From late November to early December, global leaders met in Durban, South Africa to address the issue of Climate Change. Locating the summit in Africa was a significant choice, as the continent has been especially affected by climate change. Africa has seen conflict, political instability, food insecurity, and high levels of impoverishment, which have been compounded by climate change. With the backdrop of problems created by climate change in Africa, discussions extended to effects throughout the world.
By the time this newsletter is circulated, the climate conference will have concluded. At this writing we do not know the results of the summit. Much of the debate that occurred during the preceding climate conferences concerned who should be held more responsible to pay for global efforts to curb climate change and its effects. And while developed countries, such as the United States, have historically contributed the most to climate change, newly developed countries, such as China, are playing a larger role in contributing to climate change. These discussions continued at the current conference, with China contributing more to the negotiations.
It is our hope that some bold steps have been taken by the global community. Three steps we hope for include: a stop to the rise in global temperatures, additional new funding to help communities adapt to climate change, and support for an accountable and reliable Green Climate Fund without outside influence.Top of Form The United States and the world as a whole must show its support for innovative mechanisms to generate public funding to help the world’s poor and vulnerable confront climate change.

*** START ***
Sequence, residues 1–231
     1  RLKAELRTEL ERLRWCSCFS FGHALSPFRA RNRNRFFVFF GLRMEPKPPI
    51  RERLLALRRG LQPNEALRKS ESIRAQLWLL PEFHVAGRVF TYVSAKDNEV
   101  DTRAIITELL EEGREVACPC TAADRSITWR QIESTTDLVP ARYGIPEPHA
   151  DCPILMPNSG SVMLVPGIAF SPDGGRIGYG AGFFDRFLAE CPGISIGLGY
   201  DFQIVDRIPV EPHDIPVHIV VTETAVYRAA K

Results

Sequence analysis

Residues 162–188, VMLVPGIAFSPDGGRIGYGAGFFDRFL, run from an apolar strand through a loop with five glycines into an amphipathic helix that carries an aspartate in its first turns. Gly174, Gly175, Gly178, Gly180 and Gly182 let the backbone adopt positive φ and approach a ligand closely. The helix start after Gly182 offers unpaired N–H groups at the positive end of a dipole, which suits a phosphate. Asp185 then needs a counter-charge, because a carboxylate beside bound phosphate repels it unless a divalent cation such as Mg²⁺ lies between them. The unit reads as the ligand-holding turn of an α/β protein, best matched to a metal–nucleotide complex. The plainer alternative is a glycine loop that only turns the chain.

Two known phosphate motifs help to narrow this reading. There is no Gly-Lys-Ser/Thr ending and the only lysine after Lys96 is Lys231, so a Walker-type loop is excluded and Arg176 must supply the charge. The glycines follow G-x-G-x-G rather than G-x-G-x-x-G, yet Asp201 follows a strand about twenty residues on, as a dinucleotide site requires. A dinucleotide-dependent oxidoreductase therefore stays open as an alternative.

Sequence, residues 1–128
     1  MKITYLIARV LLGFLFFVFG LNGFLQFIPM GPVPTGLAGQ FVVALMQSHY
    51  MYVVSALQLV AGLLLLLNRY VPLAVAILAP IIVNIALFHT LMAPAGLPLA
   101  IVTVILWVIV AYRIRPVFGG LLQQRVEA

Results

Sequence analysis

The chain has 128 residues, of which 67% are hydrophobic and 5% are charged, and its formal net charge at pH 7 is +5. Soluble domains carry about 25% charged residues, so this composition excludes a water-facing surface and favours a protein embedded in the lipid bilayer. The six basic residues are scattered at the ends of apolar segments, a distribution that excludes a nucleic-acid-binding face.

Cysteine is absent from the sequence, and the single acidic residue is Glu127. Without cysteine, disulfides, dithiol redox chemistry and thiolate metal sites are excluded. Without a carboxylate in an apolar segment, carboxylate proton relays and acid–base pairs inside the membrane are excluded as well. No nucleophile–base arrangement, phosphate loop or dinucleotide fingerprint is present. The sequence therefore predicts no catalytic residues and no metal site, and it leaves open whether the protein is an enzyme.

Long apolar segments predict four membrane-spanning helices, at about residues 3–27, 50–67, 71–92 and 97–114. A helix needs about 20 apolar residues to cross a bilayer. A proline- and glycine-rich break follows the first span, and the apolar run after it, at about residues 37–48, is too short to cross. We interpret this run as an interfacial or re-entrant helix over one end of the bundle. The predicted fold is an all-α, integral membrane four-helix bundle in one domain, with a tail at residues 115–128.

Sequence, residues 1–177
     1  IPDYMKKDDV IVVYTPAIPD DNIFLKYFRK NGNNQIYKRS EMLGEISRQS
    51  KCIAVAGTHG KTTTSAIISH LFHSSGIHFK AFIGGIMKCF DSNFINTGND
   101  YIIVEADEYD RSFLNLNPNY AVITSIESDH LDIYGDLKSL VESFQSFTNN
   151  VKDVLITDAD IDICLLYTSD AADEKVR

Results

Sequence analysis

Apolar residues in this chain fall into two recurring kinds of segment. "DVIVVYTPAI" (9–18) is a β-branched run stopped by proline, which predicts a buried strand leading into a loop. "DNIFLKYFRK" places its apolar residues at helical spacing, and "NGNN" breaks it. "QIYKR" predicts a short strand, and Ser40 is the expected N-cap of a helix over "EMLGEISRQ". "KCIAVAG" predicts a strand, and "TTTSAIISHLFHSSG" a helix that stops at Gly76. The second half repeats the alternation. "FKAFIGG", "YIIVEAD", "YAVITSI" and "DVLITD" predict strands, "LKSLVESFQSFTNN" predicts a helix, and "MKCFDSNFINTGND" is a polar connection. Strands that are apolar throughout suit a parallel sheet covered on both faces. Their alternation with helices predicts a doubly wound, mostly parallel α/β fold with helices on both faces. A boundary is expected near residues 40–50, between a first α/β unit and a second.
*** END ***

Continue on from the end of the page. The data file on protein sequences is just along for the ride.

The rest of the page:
As we seek to protect God’s creation, we hope and pray that the world leaders at the Durban climate summit centered their debate on valuing life and not on short term economics. The climate conference represented a significant prospect to stand with the worlds’ poor and vulnerable, while at the same time taking bold steps to deal with the climate crisis and protecting God’s creation.
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